Kansas City’s sudden need for a catcher after losing Salvador Perez to Tommy John surgery less than a month of the start of the season turned out to be fortunate for Maldonado. Given that the Royals aren’t going anywhere in 2019, I would have been inclined to see what Cam Gallagher can do, but taking the higher-floor player makes sense given the team’s apparent insistence that they can get back into contention without rebuilding. (No, I don’t get that, either, but I’ll save my Royals skepticism for a later piece.)
The setbacks for players like Maldonado and other Boras clients not in the first-tier of free agency makes you wonder if the wait-and-see approach for these types is an outdated as a negotiation strategy. Teams will still chase after Bryce Harpers, but see little reason to get into bidding wars on complementary talent. Other Boras clients who waited for the market have also struggled to find interest, like Mike Moustakas, Matt Wieters, and Jose Iglesias. The ones who closed deals early, like Trevor Rosenthal and Matt Harvey did a good deal better.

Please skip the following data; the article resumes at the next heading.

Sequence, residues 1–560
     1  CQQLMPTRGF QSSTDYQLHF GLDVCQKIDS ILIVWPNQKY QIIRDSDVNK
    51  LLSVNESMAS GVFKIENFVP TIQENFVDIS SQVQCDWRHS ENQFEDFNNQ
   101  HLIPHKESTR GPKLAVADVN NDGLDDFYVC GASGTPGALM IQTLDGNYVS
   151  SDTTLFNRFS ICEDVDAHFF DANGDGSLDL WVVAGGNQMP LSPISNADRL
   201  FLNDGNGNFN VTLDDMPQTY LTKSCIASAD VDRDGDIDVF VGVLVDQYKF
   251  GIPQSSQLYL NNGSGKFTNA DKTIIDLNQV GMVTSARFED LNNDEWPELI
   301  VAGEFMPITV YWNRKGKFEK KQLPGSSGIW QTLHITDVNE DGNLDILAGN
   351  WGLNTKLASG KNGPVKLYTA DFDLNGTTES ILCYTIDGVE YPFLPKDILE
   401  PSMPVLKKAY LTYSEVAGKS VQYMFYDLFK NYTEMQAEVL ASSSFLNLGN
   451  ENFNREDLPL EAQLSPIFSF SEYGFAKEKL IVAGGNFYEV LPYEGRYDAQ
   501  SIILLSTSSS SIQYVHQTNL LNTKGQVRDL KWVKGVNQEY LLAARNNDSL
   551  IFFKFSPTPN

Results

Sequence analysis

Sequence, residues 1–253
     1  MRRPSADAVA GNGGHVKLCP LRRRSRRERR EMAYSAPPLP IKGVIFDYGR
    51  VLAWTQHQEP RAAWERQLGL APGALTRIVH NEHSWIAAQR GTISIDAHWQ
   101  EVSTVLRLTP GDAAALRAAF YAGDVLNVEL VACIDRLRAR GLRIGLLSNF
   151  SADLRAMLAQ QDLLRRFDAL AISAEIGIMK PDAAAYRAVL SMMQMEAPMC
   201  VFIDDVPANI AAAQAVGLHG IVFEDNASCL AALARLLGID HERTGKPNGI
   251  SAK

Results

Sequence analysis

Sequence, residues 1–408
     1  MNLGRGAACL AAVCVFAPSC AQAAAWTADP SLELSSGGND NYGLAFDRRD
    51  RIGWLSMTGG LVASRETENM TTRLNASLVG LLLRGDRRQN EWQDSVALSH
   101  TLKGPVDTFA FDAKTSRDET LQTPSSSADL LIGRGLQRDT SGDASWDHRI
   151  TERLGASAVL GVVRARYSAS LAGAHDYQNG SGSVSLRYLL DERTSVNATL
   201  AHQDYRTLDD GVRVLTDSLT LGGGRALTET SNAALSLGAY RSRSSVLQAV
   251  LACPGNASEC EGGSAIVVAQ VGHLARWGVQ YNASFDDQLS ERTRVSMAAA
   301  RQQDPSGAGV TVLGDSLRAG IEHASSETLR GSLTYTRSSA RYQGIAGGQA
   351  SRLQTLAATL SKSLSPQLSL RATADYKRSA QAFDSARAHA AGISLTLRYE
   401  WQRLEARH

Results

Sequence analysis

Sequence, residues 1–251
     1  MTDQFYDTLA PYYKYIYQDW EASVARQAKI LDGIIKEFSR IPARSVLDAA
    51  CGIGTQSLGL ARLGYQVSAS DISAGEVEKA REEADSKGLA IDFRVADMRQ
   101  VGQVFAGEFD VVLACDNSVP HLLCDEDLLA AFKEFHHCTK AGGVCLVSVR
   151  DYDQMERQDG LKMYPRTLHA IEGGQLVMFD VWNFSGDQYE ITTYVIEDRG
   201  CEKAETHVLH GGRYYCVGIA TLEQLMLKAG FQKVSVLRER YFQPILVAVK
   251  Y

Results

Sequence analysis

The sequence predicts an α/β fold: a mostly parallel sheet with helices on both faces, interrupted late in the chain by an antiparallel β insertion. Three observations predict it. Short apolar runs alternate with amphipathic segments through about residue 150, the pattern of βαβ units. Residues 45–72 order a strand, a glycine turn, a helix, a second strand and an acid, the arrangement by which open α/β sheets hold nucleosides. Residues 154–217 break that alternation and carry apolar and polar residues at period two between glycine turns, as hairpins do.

Boras has repeatedly derided analytics, using terms such as “catastrophe,” but analytics aren’t going away anytime soon. Now, admittedly, Boras’ job is to advocate for his clients, not to be “right” in his analysis. But there isn’t a CBA coming that will ban modern front offices anymore than there is one that will recreate team interest in old, declining outfielders. Even if baseball fixes its system of how players are compensated, there are going to be a lot of Adam Joneses and Martin Maldonadi out there. A fairer system will likely be one that gets a greater share of total revenue to players, and more money to young players, when they are in their primes and under team control, or to players on optional assignment. That would yield a better system, and less contentious offseasons, but it seems unlikely it would have changed Jones’ or Maldonado’s fortunes.
Dan Szymborski is a senior writer for FanGraphs and the developer of the ZiPS projection system. He was a writer for ESPN.com from 2010-2018, a regular guest on a number of radio shows and podcasts, and a voting BBWAA member. He also maintains a terrible Twitter account at @DSzymborski.